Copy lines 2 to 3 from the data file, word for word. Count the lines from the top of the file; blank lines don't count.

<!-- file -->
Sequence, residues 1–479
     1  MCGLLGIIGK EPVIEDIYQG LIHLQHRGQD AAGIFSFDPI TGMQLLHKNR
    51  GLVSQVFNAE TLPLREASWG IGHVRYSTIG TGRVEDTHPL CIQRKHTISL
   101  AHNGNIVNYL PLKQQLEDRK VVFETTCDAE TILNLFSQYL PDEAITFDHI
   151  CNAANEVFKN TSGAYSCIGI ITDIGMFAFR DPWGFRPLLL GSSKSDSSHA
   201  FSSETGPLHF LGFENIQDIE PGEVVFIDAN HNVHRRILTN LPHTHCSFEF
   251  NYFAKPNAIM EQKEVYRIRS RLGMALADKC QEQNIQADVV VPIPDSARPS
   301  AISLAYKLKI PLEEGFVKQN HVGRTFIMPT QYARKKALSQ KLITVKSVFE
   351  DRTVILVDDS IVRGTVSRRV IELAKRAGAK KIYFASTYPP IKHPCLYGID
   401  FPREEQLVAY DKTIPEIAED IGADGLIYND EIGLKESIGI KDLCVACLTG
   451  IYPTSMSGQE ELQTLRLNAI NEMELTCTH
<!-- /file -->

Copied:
     1  MCGLLGIIGK EPVIEDIYQG LIHLQHRGQD AAGIFSFDPI TGMQLLHKNR
    51  GLVSQVFNAE TLPLREASWG IGHVRYSTIG TGRVEDTHPL CIQRKHTISL